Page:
Filtration...what are you going to feed the coral? You won't get much if any growth with coral in sterile water...sterile being no fish waste or nutrients for the coral to consume. If you feed, how will you filter the water?

Too bad setting up a frag tank wasn't as easy as putting water in a tank and letting it go. Did you ever notice how many people have problems keeping corals in the display systems, let alone a small, stand alone frag tank. A frag tank should have the same type of filtration, lighting, flow, water chemistry and stability as a main display system.
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Old 05-08-2009, 02:10 PM   #7
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I would worry about a few things.
How to control the temp if the water gets too hot baking in the sun.
pH issues with a glass top.
Filtration...what are you going to feed the coral? You won't get much if any growth with coral in sterile water...sterile being no fish waste or nutrients for the coral to consume. If you feed, how will you filter the water?

Too bad setting up a frag tank wasn't as easy as putting water in a tank and letting it go. Did you ever notice how many people have problems keeping corals in the display systems, let alone a small, stand alone frag tank. A frag tank should have the same type of filtration, lighting, flow, water chemistry and stability as a main display system.
Excellent points you brought and I had thought about some of these too. Regarding the temperature, the sun can heat up the water quickly so to do this, it has to be done at the time of year where the temperature does not get above 85 degrees. Of course the heater will play a role in the cooler months. With weekly PWC and HOB filter, I assume that will be enough to provide acceptable water quality for coral growth? The purpose here is to ultilize the best possible light source which is the sun to facilitate coral growth. DP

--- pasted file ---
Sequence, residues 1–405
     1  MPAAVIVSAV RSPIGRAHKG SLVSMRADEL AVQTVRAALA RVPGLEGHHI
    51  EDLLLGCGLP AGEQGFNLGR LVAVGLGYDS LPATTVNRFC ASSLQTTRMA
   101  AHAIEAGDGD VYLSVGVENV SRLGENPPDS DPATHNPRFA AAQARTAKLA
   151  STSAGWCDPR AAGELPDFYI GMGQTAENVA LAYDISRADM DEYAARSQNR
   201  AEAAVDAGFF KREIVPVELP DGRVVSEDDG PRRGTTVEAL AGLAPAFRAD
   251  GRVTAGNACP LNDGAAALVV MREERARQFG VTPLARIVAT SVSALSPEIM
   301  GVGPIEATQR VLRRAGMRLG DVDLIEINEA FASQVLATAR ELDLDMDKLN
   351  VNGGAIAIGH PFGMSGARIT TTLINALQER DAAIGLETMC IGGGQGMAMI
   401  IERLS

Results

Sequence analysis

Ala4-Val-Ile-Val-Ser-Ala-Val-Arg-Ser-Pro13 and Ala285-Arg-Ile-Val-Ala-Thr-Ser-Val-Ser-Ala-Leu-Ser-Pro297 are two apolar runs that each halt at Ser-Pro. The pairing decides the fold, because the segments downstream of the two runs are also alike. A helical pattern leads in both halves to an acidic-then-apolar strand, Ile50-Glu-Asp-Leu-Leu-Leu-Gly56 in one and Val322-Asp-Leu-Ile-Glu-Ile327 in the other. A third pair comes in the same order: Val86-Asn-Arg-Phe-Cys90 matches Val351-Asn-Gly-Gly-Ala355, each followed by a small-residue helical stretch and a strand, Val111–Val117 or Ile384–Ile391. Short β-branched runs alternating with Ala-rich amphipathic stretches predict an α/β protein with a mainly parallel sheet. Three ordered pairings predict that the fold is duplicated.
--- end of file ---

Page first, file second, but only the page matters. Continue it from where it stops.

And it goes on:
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Old 05-08-2009, 02:23 PM   #8
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as good of.... an idea as that is.. it has so many flaws in it.. the problem with direct sunlight.. is the ammount of algea you will allow into the tank.. it would overrun the tank probably within a week of this "system"
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Old 05-08-2009, 02:30 PM   #9
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The natural sunlight will be diffused light after going through the glass. As mentioned above it will cause heating and algea problems. Not really a good idea. Sorry.
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Old 05-08-2009, 04:18 PM   #10
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I don't think you will be satisfied with an answer until you try it yourself, which I don't see a problem in. You would still need to set the aquarium up as one would normally, but taking emphasis on heat and natural sunlight. I would either purchase some poly film like they use in greenhouses or some type of shade cloth to keep the area cool and UV's down. You do not want to cover the aquarium, but do utilize fans. I would also employ chemical filtration heavily.